Cairo Angels Syndicate Fund announces first close; fund will make African investments


Egypt-focused angel investor network Cairo Angels has announced the first close of the Cairo Angels Syndicate Fund (CASF), a Delaware-based angel fund that will invest between US$100,000 and US$250,000 in startups based across the Middle East and Africa.

At launch, Cairo Angels was Egypt’s first formal network of angel investors, and since its formation it has been one of the most active early-stage investors in startups and high growth businesses in the Middle East and Africa, with 31 investee companies across 18 different sectors. 

Its syndicate fund is a micro venture capital fund that invests in post-seed and pre-Series A startups, with a particular focus on Egypt, the United Arab Emirates (UAE), Saudi Arabia, Nigeria, Kenya, and South Africa.

Apart from the investment made by the fund, CASF also negotiates additional co-investment rights for its LPs on a deal by deal basis, allowing the fund’s investors to double down on opportunities. 

With its first close, the fund is ready to deploy capital, and it is already in negotiations with several startups that fit within its investment thesis, which targets sector-agnostic and early-stage scalable platforms that have strong sector experience and technical teams.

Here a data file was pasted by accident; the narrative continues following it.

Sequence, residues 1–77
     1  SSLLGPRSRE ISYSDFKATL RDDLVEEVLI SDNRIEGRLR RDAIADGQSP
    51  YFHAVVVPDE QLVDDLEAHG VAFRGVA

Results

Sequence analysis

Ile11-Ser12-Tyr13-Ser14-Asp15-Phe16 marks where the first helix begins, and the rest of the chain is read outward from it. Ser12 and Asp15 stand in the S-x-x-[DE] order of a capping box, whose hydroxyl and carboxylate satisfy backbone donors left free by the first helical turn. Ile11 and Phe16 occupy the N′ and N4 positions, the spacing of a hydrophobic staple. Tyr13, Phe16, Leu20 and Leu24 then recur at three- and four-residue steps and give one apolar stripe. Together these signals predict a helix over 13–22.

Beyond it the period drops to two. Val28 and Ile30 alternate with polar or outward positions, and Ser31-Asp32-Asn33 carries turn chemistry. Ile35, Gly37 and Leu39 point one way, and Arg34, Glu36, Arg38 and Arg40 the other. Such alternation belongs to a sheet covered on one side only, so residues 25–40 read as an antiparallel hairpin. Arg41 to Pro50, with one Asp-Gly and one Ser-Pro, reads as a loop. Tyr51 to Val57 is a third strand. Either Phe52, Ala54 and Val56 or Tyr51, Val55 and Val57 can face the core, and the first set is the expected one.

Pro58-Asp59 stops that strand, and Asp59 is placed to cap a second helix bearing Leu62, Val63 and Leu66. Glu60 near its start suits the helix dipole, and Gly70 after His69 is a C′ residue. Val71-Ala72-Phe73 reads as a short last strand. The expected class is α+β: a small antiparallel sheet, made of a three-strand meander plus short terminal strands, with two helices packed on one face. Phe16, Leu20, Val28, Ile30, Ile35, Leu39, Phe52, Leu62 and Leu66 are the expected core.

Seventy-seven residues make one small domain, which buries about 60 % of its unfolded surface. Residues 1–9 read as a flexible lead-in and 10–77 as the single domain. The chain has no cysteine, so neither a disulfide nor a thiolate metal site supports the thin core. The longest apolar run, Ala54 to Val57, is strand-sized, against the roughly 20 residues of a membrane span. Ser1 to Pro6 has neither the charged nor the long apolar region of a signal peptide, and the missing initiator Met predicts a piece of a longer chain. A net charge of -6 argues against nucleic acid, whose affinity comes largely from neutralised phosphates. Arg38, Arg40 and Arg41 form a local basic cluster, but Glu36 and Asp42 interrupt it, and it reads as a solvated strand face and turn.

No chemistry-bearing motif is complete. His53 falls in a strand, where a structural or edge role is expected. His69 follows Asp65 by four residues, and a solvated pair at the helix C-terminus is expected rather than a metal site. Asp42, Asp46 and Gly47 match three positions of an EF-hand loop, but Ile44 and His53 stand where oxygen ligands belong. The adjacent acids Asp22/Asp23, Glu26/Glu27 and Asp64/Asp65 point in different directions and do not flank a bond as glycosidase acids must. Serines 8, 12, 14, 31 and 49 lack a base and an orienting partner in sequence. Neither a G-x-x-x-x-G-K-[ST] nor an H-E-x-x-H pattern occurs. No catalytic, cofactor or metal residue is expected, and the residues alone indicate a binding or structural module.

In order to democratise access to this exciting asset class, CASF intentionally focused fundraising for first close on individual investors and family offices. The only exception was one institutional investor, which has provided a soft commitment to invest and support the fund, and will be formally joining in Q1 of next year. 

CASF will now focus on achieving the final close and reaching its funding target of US$5 million, for which it is in advanced discussions.

“This fund is a natural step in the evolution of the Cairo Angels,” said Aly El Shalakany, chief executive officer (CEO) of CASF. 

“It couples our already strong deal sourcing platform with a faster and more rigorous due diligence and capital deployment capability further down the value chain. This is the new missing middle.”


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Passionate about the vibrant tech startups scene in Africa, Tom can usually be found sniffing out the continent's most exciting new companies and entrepreneurs, funding rounds and any other developments within the growing ecosystem.

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